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Fanconi-Bickel syndrome in two Palestinian children: marked phenotypic variability with identical mutation

Overview of attention for article published in BMC Research Notes, August 2016
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Title
Fanconi-Bickel syndrome in two Palestinian children: marked phenotypic variability with identical mutation
Published in
BMC Research Notes, August 2016
DOI 10.1186/s13104-016-2184-2
Pubmed ID
Authors

Imad Mohammad Dweikat, Issa Shaher Alawneh, Sami Fares Bahar, Mutaz Idrees Sultan

Abstract

Fanconi-Bickel syndrome (FBS, OMIM 227810) is a rare autosomal recessive disease caused by a deficiency of glucose transporter 2 (GLUT2), a member of the facilitative glucose transporter family (Santer et al. J Inherit Metab Dis 21:191-194, 1998). The typical clinical picture is characterized by hepatorenal glycogen accumulation resulting in hepato- and nephromegaly, impaired utilization of glucose and galactose, proximal renal tubular dysfunction, rickets and severe short stature. We report 2 Palestinian patients from 2 families who were homozygous for the mutation p.R301X (C>T) in exon 7of GLUT2 gene. Patient 1 showed clinical and laboratory improvement with age characterized by normal growth and resolution of rickets. Patient 2 had severe phenotype characterized by progressive weight loss, persistent metabolic acidosis, marked polyuria and clinical and laboratory findings of rickets progressing to death at age 10 months. This report further expands the clinical spectrum of FBS even with identical mutations. Other yet unknown genetic, environmental or stochastic factors may be responsible for phenotypic variability.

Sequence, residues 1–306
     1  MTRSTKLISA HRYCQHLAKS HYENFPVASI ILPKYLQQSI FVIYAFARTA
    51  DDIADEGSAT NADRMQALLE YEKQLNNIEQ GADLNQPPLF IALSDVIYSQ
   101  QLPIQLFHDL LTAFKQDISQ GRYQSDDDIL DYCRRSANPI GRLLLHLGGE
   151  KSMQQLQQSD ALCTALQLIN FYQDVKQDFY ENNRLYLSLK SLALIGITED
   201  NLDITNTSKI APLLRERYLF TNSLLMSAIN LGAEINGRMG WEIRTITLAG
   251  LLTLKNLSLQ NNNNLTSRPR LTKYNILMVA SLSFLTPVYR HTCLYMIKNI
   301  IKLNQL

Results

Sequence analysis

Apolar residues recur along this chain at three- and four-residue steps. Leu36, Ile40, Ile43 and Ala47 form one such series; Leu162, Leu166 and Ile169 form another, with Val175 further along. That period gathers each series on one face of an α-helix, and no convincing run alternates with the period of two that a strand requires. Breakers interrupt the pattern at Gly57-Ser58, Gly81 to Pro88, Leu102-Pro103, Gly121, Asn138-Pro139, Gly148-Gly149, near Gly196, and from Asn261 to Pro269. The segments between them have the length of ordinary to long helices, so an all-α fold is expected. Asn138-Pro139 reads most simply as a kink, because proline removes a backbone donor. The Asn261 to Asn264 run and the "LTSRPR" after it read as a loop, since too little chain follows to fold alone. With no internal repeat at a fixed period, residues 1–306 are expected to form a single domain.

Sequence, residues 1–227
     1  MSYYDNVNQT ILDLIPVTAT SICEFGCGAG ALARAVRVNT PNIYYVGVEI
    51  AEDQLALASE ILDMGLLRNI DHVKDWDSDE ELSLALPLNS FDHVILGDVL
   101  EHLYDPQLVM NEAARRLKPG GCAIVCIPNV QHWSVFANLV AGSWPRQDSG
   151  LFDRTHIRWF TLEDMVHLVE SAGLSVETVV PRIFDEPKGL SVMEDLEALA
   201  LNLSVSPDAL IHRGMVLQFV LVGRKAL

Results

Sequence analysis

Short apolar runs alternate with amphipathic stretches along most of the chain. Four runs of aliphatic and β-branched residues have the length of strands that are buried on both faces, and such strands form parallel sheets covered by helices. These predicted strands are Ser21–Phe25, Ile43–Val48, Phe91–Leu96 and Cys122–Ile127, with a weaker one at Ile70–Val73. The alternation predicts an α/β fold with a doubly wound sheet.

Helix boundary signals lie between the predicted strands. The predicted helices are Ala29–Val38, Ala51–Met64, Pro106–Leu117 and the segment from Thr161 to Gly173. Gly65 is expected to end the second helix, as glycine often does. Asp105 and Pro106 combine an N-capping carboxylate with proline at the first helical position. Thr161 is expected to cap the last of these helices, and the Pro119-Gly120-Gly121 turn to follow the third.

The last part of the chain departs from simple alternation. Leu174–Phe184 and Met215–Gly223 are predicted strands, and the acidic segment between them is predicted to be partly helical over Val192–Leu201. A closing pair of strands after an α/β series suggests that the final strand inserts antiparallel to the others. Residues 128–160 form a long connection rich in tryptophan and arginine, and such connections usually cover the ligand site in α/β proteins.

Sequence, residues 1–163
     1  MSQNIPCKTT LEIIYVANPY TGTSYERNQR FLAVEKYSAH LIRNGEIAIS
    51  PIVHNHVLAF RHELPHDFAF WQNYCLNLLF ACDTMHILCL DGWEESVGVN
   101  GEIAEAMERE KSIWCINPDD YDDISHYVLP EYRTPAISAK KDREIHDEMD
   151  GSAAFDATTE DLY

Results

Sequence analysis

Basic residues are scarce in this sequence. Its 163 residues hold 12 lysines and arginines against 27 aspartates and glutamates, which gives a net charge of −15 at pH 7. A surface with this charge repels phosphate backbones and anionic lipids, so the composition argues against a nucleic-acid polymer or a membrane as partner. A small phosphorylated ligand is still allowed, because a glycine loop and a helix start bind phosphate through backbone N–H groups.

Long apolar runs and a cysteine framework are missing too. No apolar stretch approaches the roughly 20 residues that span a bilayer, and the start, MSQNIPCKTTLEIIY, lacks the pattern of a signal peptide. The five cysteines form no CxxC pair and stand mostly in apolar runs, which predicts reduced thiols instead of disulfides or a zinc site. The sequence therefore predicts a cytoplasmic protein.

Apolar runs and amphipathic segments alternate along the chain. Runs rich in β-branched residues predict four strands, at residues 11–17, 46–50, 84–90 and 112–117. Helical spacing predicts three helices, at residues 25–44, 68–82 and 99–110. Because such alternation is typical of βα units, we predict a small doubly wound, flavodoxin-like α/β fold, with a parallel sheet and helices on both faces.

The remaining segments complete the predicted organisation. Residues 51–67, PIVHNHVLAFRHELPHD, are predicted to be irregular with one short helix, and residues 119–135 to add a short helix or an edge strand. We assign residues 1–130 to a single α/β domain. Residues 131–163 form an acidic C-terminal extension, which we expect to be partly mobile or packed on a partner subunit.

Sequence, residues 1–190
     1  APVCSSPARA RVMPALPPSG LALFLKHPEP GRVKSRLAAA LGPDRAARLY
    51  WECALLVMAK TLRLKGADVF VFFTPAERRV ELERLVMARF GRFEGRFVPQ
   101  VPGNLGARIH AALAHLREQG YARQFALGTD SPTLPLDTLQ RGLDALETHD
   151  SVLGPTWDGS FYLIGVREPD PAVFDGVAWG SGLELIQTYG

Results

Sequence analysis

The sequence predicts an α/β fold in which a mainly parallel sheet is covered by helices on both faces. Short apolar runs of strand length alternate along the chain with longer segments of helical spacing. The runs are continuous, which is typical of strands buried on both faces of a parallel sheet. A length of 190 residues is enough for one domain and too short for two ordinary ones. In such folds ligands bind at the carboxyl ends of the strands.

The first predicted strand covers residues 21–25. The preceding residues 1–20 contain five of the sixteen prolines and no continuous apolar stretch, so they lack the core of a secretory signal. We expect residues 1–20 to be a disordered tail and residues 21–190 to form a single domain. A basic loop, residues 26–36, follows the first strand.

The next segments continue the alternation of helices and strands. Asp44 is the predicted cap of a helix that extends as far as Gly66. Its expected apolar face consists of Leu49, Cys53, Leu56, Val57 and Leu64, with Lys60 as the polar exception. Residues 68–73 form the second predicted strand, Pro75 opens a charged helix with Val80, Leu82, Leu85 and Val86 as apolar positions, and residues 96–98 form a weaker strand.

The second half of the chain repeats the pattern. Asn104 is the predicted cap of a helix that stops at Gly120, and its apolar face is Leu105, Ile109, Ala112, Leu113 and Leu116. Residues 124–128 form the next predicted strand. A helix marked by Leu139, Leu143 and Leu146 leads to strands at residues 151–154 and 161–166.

Mendeley readers

The data shown below were compiled from readership statistics for 9 Mendeley readers of this research output. Click here to see the associated Mendeley record.

Geographical breakdown

Country Count As %
Unknown 9 100%

Demographic breakdown

Readers by professional status Count As %
Researcher 3 33%
Unspecified 2 22%
Student > Ph. D. Student 1 11%
Student > Master 1 11%
Student > Doctoral Student 1 11%
Other 1 11%
Readers by discipline Count As %
Unspecified 3 33%
Biochemistry, Genetics and Molecular Biology 3 33%
Agricultural and Biological Sciences 2 22%
Pharmacology, Toxicology and Pharmaceutical Science 1 11%